Jenn: Now when we talk. Hinckley the shooter. A lot of people, John Hinckley Jr. Who is the one who fires, has gone at the president and eventually will kill. Brady he says he does it to get the attention of Jodi Foster. He had seen Jodi Foster a taxi driver, and he was very enamored with her.

And so he thought if he did this, he could bring attention to himself. Jodi Foster in return has only ever spoken about this four 

Scott: times. Yeah. I thought this was really, I thought this was interesting, and I, and when you said that to me, I was. I don’t blame that. I 

Jenn: don’t blame her.

Jodi Foster: I don’t wanna jeopardize the prosecution without, without getting specific. Was he threatening amorous? What was he like? I’m not allowed to say, um, I, I believe that it’s, you know, that the, the letters were assumed to have been, you know, loved type lips. When did you first realize the connection between the Hinckley and the letters and the Hinckley who shot the president?

Um, well, how many Hinckley do you know? 

Jenn: Yeah. She doesn’t wanna give attention to him. Yeah. She doesn’t want him to get what he wanted from her. So she spoke about it immediately after she did an op-ed and wrote about it, and she spoke about it to others. Times and interviews. She’s asked about it and she commented on it. She will go out of her way to cancel interviews or walk out of interviews if they ask her about this.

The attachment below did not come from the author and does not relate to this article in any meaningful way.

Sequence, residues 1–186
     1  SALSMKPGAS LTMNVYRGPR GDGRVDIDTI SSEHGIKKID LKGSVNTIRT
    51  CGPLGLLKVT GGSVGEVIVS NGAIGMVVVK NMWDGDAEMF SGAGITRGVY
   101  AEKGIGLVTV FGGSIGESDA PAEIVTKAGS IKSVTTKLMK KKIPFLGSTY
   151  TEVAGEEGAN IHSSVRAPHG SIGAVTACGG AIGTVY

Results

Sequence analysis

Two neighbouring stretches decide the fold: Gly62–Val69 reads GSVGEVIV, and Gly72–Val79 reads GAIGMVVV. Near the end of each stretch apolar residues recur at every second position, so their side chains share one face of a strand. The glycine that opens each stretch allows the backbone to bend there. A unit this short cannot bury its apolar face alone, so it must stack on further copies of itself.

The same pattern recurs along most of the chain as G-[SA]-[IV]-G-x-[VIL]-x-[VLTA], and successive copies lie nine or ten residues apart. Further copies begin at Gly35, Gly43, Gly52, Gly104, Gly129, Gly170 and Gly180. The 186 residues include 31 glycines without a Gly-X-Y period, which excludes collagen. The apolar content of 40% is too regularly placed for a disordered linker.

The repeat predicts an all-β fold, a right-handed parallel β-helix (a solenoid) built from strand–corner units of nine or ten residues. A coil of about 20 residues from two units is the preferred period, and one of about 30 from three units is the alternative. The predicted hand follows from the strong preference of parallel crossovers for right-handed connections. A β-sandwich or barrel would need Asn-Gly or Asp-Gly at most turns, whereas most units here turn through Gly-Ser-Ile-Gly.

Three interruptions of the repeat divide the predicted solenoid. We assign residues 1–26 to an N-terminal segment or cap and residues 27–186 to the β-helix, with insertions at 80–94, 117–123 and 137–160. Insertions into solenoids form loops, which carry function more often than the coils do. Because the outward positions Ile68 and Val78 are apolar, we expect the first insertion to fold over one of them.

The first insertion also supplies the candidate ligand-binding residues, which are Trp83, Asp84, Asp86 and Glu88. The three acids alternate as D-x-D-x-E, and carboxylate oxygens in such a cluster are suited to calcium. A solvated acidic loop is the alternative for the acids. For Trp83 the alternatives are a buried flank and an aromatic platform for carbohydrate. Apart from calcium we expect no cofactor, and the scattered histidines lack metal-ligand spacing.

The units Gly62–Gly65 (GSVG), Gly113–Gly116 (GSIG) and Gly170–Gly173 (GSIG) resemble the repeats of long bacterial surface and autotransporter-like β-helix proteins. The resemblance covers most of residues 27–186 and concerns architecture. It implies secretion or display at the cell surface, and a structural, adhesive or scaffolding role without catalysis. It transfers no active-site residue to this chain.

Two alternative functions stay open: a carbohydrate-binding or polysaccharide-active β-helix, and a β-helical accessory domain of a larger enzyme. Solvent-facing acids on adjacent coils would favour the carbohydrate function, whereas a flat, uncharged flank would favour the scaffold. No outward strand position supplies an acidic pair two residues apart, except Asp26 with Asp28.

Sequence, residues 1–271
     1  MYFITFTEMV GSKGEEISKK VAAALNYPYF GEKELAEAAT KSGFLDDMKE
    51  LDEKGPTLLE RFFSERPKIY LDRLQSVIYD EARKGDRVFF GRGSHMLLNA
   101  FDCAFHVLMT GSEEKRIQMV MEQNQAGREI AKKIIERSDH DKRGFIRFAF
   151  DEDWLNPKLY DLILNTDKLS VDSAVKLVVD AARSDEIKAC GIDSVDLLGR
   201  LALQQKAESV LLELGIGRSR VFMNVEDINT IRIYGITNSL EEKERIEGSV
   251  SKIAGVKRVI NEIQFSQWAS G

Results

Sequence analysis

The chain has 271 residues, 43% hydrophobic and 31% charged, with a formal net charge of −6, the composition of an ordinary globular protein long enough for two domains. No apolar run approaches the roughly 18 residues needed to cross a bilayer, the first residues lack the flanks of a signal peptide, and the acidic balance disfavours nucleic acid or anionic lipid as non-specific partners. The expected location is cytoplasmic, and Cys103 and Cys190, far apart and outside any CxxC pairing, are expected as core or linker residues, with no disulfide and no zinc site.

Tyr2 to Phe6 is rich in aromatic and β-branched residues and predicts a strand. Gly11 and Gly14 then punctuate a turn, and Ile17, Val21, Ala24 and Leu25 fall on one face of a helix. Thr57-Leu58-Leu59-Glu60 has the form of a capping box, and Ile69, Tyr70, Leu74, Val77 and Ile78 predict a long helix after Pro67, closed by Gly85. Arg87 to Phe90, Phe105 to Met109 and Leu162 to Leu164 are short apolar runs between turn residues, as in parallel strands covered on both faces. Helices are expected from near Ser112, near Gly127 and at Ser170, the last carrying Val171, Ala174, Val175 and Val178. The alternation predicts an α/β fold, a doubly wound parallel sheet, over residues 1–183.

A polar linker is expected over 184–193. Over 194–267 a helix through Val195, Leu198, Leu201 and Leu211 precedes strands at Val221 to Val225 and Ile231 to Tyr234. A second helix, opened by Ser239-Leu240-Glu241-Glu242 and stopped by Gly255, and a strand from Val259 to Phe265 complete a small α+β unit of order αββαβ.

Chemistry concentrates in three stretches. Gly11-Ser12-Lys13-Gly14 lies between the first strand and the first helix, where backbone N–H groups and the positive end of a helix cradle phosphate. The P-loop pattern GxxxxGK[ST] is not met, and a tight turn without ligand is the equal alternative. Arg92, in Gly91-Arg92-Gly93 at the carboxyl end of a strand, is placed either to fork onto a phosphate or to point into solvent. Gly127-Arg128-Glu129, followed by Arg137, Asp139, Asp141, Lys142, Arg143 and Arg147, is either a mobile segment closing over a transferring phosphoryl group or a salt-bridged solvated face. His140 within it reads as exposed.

And she has told them that she’s not gonna speak on it. Yeah. To the point, like she doesn’t wanna give it power. Sure. She doesn’t wanna give Hinckley 

Scott: power. Yeah. I can understand that. 

Let’s, so what you know, for obvious. Hinckley was captured. I I’ll be perfectly honest, I don’t actually know what ended up happening to him.

I know he was convicted, pled insanity plan, 

Jenn: insanity, which is of course he’s insane. I wanna be like, it’s kinda, kinda obvious. You’re insane. But because no one I think died. So I think at the time, no one was killed. Right when it happened. Right when it happened. 

Scott: So I even though Brady, passed away later, 

Jenn: later, much later, okay.

Even though nobody was killed, he could plead insanity. He was put in, he was institutionalized. He was just recently released. Oh, really? And it’s because the president is dead. Yeah. Now Reagan is dead and Brady, so they, and I think he’s very limited in where he can go and he’s very watched and monitored, but 

Scott: yes, he’s, I’m surprised.

I don’t think I even realized that. 

Jenn: I know it’s, it is interest. But yeah, James Brady will never recover from this.

He’s disabled. He will maintain. Press Secretary for the rest of the year. Yeah. But it’s more of a positional Yeah. Title. Sure. Because he will be in a wheelchair and it will impact his speech. And then he passes away in of August of 2014. Yeah. And I, like I said, the medical examiner will rule it a homicide because he will succumb to the injuries that he received from that gunshot wound to the head.